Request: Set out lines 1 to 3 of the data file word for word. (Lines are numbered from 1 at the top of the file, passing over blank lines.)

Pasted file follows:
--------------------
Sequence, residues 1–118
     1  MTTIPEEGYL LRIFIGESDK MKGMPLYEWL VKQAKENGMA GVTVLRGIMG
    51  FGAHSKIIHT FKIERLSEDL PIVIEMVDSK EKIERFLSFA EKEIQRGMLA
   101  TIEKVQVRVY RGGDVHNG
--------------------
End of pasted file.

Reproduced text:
Sequence, residues 1–118
     1  MTTIPEEGYL LRIFIGESDK MKGMPLYEWL VKQAKENGMA GVTVLRGIMG
    51  FGAHSKIIHT FKIERLSEDL PIVIEMVDSK EKIERFLSFA EKEIQRGMLA